With spring break quickly approaching, Anam Sufi discusses a John Steinbeck classic that's a perfect quick read. And no, it isn't Of Mice and Men.
Because most of you only know John Steinbeck because some high school teacher forced you to read Of Mice and Men, tallying your completed books to a resounding number of 12 (obviously seven of which were the Harry Potter series), I’ve decided to encourage you to read another, albeit a very simple read, one of his books in this week’s review; The Pearl.
A short novella of only 90 pages, The Pearl is a fantastic story that sheds light on the perils of wealth and the evils it may bring with it. When a Mexican pearl-diver finds what is believed to be “the Pearl of the World,” he begins to envision the drastic and positive changes that will become of his life. Imagining a world where he can marry Juana in a church, and where his son can attend school, Kino (the diver) becomes obsessed by his greed for a better life. His greed is such that it eclipses the rumbling fear, violence, and envy that begin to stir within himself and his neighbors. Ultimately, the story pitches the values of civilised society against the primitive nature of man, finding the former tragically inadequate.
With the holidays right around the bend, I would highly recommend reading this novella. Steinbeck flawlessly captures the divide between modernity and the unshakable characteristics of our past. Choosing to set the story in a remote fishing village only heightens the desperation for acquiring material gain. The domino effect that begins to take place after Kino discovers the pearl strikes a perfect balance of believability alongside shadowy portentousness. Not only do the readers get to witness a sort of ‘before and after’ shift in attitude of the village people towards Kino and his family, but we also get to experience the transition from neighbourly kindness to evil jealousy.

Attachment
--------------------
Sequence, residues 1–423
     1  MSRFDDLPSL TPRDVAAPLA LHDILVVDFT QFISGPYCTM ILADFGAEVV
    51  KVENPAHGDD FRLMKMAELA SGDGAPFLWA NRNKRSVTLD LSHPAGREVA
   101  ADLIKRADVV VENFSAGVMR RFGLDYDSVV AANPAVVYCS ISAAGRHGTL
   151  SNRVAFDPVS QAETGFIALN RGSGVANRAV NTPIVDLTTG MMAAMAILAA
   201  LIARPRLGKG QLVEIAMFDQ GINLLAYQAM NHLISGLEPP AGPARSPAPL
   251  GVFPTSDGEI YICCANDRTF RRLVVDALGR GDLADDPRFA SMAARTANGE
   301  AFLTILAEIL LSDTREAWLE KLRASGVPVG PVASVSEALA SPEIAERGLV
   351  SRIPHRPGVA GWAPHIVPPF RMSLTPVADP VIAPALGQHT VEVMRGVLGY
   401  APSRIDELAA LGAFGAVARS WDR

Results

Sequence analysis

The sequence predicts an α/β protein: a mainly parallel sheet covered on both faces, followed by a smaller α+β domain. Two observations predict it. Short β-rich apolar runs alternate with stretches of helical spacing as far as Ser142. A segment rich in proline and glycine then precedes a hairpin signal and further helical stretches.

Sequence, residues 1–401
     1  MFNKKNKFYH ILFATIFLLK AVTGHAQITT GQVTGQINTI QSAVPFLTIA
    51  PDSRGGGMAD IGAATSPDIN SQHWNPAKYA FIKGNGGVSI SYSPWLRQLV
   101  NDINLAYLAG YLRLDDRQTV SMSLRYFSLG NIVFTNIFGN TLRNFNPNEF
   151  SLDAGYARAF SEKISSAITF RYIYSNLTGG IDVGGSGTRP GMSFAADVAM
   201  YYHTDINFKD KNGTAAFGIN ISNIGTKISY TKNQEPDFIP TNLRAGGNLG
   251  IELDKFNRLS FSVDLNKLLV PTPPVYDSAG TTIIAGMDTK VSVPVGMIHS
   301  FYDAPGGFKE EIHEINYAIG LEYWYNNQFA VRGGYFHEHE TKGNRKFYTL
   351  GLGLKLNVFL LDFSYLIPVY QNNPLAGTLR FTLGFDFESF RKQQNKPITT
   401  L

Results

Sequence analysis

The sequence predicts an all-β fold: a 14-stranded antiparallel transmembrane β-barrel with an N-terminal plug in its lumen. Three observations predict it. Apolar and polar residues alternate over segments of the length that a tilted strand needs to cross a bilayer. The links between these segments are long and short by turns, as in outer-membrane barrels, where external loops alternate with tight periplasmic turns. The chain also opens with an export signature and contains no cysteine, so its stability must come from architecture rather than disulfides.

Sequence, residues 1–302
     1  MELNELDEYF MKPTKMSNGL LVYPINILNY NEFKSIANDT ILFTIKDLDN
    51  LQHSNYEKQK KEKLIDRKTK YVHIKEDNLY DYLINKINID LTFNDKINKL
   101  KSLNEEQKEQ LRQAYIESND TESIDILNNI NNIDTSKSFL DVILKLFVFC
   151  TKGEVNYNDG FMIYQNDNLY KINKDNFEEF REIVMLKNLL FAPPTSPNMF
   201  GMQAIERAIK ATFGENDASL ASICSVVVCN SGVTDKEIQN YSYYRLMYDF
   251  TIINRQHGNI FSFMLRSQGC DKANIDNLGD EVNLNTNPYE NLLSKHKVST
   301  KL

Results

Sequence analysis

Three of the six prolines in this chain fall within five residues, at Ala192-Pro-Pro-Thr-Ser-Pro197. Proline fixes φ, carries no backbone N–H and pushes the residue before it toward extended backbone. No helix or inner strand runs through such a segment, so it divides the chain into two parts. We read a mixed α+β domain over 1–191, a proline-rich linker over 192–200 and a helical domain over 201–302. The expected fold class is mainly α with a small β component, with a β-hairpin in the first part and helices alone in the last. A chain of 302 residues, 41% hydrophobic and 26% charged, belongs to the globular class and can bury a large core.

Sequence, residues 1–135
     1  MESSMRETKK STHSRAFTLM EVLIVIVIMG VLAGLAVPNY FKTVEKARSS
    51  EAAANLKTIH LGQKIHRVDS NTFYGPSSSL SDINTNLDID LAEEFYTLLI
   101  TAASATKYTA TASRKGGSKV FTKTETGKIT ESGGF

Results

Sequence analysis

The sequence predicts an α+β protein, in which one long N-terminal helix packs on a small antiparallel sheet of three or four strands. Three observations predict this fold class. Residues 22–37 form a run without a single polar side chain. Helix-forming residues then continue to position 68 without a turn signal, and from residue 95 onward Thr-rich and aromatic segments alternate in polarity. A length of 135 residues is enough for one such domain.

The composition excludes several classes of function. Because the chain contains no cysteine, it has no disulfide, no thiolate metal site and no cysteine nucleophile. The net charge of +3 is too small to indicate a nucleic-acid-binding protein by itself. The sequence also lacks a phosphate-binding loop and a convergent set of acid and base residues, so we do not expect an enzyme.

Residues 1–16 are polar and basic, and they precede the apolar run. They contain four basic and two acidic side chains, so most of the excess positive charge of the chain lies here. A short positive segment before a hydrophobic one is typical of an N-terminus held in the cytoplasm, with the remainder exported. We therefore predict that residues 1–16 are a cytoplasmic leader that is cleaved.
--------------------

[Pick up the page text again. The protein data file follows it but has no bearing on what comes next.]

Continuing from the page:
Ultimately, the book poses the question of what constitutes riches and value? It’s an age old dilemma that people and societies continue to face today; what is the ideal instrument to measure wealth? Is it material goods? Health? Family? You might read this parable as an extended explanation of the saying: “don’t place all your eggs in one basket.”
In terms of writing style, Steinbeck adopts a simple chronological narrative that reflects the naïve and “uncivilised” setting of the story. He doesn’t overdo any details, and provides his readers with just enough information that proves necessary for the telling of Kino’s tragic unraveling. The end result of such an economy of words? A simple narrative of complex resolve.